Connect with us


MDP meeting hall raided for third time ahead of Saudi king’s visit

The meeting hall was previously raided twice amidst a crackdown against any attempts to carry out “demeaning” activities during upcoming official visits.



The police raided the main opposition Maldivian Democratic Party’s haruge (meeting hall) in Malé on Thursday afternoon, confiscating banners made for a planned protest against the alleged sale of Faafu atoll to the Saudi royal family.

The meeting hall was previously raided twice amidst a crackdown against any attempts to carry out “demeaning” activities during upcoming official visits. Saudi King Salman bin Abdulaziz Al Saud is due to arrive in the Maldives on Saturday.

Unlike the previous times, the police did not allow MDP leadership figures to observe the one-hour raid.

A banner set up outside the meeting hall for the public to write their views opposing the alleged sale of the south-central atoll was also removed and police officers took away national flags, rolls of fabric and other items.

The criminal court’s search and seizure warrants authorising the previous raids cited “suspected activities that could be demeaning to the dignity, honour and respect of visiting dignitaries as well as the sovereignty of their nations”.

On Thursday afternoon, the police also briefly detained former actor Mohamed Shavin on suspicion of making banners for the opposition protest at his t-shirt printing studio.

According to the MDP, the police also confiscated items from Shavin’s studio.

The MDP has since put out a statement condemning the third raid, the “illegal theft of campaign material and property”, and the “intimidation and harassment” of political parties and individuals opposed to the “secret deal” for Faafu atoll.

The party also called the silence of independent oversight bodies “shameful” and accused the government of infringing on constitutional rights and freedoms “in the name of protecting foreign dignitaries when the Saudi king visits the Maldives”.

The party had previously described the “knee-jerk reaction to stifle any form of opposing views on the Faafu project” as the “worst crackdown on civil and political rights Maldives has seen in recent months.”

Last week, the police confiscated the phones of two popular social media activists who were outspoken in the online #SaveFaafu campaign.

Earlier this month, the police cracked down on a protest on Faafu Biledhdhoo, snatching banners from opposition supporters and briefly detaining several protesters.

Senior MDP members on the northern islands of Bileyfahi and Dhidhdhoo also alleged that they were threatened by the police against putting up banners or speaking about the Faafu atoll deal.

The Saudi embassy meanwhile asserted last week that the kingdom has no intention of investing in a mega project or buying land in the Maldives, prompting the MDP to call on the Saudi government to “disavow any and all involvement in the Faafu project and clarify whether members of the Saudi Royal Family or Saudi businessmen are involved.”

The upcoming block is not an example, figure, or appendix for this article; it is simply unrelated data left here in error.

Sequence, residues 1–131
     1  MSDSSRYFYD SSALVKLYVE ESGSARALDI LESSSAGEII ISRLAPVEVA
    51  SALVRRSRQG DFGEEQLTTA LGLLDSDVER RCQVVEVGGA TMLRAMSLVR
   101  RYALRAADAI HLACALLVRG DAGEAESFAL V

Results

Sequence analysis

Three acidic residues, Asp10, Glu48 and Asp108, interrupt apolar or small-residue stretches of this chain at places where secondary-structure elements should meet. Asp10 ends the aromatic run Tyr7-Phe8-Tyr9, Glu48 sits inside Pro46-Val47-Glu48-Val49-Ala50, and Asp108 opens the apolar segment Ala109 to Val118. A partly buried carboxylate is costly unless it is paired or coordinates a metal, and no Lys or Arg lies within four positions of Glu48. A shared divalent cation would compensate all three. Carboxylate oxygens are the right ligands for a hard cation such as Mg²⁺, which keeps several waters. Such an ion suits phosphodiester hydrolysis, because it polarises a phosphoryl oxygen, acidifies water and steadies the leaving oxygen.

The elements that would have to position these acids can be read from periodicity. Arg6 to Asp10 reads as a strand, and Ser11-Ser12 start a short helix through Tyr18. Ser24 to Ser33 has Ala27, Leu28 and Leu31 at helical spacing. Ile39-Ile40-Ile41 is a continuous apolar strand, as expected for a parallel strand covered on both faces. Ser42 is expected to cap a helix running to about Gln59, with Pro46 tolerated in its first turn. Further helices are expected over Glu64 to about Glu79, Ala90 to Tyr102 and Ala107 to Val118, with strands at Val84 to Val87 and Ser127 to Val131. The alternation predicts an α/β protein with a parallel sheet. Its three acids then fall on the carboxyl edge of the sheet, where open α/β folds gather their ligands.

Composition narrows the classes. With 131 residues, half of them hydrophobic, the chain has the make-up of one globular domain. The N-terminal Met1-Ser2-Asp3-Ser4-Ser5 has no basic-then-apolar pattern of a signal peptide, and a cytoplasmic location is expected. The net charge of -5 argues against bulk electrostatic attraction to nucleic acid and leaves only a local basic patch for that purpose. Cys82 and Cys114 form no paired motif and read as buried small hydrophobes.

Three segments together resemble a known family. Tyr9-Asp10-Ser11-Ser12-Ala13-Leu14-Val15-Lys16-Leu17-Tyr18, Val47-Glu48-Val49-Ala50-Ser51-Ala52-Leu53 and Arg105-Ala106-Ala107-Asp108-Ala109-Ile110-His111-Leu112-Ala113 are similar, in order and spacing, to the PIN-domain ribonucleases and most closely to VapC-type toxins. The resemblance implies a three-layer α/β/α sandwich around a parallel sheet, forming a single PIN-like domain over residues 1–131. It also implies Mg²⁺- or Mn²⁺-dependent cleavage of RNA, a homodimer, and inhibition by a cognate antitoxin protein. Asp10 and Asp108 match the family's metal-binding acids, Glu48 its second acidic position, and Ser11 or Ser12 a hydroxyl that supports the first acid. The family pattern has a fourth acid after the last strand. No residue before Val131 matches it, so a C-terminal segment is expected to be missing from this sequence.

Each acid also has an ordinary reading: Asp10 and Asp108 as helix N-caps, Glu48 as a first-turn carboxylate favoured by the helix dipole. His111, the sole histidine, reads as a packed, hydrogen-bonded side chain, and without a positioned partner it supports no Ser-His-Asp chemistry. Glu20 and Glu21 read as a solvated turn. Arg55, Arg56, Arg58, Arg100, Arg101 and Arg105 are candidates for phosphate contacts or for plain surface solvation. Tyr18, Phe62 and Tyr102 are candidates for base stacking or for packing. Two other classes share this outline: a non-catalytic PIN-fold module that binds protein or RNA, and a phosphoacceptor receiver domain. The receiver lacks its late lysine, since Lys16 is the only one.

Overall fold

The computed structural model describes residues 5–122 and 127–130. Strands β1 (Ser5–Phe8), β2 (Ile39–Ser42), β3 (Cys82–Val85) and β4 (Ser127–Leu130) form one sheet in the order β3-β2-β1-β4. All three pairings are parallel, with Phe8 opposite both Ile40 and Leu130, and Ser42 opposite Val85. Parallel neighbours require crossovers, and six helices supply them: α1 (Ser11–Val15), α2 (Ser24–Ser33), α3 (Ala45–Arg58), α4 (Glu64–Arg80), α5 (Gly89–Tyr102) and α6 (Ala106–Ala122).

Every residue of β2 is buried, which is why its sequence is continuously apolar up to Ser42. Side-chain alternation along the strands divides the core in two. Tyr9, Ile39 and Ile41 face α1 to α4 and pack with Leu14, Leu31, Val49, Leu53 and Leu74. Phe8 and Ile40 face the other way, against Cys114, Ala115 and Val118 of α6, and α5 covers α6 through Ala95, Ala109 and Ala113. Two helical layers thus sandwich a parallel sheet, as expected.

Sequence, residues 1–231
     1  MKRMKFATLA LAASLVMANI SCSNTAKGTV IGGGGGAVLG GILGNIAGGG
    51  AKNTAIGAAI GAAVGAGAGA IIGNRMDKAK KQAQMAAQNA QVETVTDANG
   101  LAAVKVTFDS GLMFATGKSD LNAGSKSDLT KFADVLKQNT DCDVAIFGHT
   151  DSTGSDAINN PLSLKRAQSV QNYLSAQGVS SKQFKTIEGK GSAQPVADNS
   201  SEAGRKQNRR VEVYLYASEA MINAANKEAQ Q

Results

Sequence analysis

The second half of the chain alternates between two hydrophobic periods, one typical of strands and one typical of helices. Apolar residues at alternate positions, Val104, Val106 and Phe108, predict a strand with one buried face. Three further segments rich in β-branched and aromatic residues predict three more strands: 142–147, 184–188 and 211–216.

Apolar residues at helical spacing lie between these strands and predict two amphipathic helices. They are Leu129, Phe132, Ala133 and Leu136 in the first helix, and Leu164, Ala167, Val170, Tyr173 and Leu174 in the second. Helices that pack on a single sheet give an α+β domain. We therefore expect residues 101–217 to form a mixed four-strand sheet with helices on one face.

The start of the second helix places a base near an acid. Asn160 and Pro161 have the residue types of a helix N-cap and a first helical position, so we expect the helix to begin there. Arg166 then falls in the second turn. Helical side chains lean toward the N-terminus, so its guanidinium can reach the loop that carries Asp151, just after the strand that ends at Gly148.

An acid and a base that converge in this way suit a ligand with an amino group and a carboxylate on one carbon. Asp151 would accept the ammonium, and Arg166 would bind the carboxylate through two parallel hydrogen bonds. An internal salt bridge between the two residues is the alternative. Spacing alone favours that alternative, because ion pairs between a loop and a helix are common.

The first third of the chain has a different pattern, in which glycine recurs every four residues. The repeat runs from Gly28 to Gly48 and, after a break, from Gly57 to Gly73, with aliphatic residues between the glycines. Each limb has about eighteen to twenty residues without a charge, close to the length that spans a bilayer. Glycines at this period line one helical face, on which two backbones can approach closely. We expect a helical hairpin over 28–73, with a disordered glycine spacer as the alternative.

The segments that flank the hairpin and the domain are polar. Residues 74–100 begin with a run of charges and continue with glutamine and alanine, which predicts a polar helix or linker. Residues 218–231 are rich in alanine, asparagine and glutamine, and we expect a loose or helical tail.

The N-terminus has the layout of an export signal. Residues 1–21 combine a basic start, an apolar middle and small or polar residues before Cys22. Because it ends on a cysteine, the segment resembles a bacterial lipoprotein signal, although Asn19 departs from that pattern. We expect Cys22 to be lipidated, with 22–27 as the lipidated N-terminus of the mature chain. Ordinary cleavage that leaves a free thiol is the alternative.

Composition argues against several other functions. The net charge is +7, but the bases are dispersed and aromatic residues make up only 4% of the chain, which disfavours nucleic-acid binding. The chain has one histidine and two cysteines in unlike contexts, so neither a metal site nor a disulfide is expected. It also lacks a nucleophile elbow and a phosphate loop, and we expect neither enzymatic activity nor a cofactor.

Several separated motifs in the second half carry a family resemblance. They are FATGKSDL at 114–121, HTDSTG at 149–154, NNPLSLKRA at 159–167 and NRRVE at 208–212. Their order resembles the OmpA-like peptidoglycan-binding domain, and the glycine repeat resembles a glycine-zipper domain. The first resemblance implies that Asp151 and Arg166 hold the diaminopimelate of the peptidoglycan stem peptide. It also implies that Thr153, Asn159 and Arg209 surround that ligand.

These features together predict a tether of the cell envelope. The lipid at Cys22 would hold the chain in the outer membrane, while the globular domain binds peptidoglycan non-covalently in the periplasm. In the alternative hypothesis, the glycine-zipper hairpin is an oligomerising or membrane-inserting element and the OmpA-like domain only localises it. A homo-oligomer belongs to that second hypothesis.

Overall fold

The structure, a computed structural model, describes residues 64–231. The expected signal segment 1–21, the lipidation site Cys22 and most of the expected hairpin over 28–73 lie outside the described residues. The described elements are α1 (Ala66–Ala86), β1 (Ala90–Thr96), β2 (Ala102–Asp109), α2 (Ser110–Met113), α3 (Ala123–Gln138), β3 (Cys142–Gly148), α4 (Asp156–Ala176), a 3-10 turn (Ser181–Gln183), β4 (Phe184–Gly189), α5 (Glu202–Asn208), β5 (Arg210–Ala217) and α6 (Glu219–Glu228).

The forthcoming investment “from the Saudi government or leading figures in Saudi” was first announced by President Abdulla Yameen in late January, reviving rumours that began circulating after the constitution was amended in July 2015 to authorise foreign ownership of Maldivian land.

On March 1, Yameen said the Saudi-funded US$10 billion project will be similar to “mixed development projects in the French Riviera” with “residential high-class development, many tourist resorts, many airports”.

Details will be revealed when the negotiations are over, he said, dismissing concerns over corruption, scarcity of land, threats to sovereignty, and lack of public consultation and transparency.

Following the Saudi embassy statement, Fisheries Minister Dr Mohamed Shainee – co-chair of the cabinet’s economic council – told local media that there were no plans to sign agreements about the Faafu atoll project during the Saudi king’s official visit.

But negotiations are ongoing with investors from Saudi Arabia, rather than the Saudi government, he said.

“The MDP is deeply concerned that President Yameen’s proposed ‘mega-investment’ in Faafu atoll could be a front for corruption, embezzlement and international money laundering and calls on the Saudi officials to refrain from engaging with a government that is openly involved in money laundering and corruption,” the MDP said in a statement last week.

“The project has, from the outset, been shrouded in secrecy and the government has been persistently vague and evasive on details.”

The party went on to call on the Saudi embassy to “side with the Maldivian people and allay public fears regarding the deal.”

It added: “The Maldivian people view the sale of Faafu atoll as a threat to our very way of life and sovereignty. We would urge the Embassy of Saudi Arabia ensure that all and any representatives of the Saudi Kingdom or the King distance themselves from any deals surrounded by allegations of mass corruption and conducted against the wishes of the Maldivian people.”